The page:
The PEGASUS-TIMI 54 clinical trial will assess the safety and long-term efficacy of ticagrelor (Brilinta, AstraZeneca) to reduce cardiovascular (CV) events compared to aspirin treatment in acute coronary syndrome (ACS) patients.
The trial, initiated by AstraZeneca and the Brigham and Women’s Hospital-based TIMI (Thrombolysis in MI) study group will enroll 21,000 patients in more than 30 countries and randomize them to receive either 60 mg or 90 mg twice daily of ticagrelor or placebo for a minimum period of 12 months.
In addition, the patients will take a once-daily 75 mg to 150 mg dose of aspirin during the trial.
The researchers will use the time-to-first-occurrence of any CV event including CV death, non-fatal MI or non-fatal stroke as the trial’s primary endpoint.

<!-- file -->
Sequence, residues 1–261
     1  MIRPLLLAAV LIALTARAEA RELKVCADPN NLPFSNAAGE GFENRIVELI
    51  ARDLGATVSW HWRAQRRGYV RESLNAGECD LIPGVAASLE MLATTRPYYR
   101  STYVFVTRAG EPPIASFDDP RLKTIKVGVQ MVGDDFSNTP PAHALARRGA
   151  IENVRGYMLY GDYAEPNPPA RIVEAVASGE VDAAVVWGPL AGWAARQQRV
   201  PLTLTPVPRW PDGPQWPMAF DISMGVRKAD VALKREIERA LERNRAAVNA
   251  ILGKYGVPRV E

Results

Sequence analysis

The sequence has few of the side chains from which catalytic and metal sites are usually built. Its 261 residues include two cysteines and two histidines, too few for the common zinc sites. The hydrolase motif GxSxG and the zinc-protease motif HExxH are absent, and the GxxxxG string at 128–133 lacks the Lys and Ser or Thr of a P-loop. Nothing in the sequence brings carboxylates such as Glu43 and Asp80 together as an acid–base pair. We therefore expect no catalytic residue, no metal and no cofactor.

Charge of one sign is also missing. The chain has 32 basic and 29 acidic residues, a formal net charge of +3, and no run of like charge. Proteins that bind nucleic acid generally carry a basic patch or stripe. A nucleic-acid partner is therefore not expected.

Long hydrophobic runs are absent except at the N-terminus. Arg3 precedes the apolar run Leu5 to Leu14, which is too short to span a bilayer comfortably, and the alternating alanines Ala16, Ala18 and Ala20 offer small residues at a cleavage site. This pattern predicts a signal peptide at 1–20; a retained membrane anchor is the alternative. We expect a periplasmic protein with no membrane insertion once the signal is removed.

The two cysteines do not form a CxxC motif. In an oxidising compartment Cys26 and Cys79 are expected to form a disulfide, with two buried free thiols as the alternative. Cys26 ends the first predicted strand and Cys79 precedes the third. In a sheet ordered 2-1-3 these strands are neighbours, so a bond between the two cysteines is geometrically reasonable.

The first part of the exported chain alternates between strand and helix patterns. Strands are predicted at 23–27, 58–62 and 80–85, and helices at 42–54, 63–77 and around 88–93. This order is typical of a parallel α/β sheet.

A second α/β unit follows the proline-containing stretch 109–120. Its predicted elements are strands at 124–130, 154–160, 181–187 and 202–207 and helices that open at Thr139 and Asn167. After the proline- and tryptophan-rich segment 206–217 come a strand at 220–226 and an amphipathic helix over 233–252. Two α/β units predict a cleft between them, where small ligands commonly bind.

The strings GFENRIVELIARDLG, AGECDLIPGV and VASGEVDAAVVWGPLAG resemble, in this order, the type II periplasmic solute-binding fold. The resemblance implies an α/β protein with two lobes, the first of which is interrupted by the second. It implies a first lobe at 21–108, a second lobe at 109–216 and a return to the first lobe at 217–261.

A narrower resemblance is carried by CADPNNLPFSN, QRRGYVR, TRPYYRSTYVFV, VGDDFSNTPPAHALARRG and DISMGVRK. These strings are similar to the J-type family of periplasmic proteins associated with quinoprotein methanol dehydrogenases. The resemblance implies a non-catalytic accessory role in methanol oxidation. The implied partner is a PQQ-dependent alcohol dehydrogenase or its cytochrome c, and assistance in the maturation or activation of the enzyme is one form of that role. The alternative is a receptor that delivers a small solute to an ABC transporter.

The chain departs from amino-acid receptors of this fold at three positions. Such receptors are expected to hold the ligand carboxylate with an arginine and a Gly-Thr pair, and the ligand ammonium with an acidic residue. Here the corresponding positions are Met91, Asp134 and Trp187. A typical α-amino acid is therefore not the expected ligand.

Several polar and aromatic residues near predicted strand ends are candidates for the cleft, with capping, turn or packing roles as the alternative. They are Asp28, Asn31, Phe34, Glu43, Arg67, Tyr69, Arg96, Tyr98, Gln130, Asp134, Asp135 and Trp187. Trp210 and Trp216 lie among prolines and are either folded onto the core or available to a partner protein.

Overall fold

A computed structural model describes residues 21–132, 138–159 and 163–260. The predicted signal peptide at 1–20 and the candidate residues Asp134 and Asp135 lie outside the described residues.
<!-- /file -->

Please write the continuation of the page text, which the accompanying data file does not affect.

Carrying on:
According to AstraZeneca, current treatment guidelines for ACS patients recommend dual-antiplatelet therapy for up to 12 months post-CV event. The PEGASUS-TIMI trial will aim to evaluate whether a regimen of ticagrelor or aspirin can reduce CV events.
"After a heart attack, patients remain at significant risk of another heart attack or major adverse cardiovascular event,” said Marc S. Sabatine, MD, the study’s principal investigator. “PEGASUS-TIMI 54 will study treatment beyond twelve months after a heart attack, with dual-antiplatelet therapy of ticagrelor and aspirin.”
According to AstraZeneca, the trial will begin patient enrollment during the fourth quarter.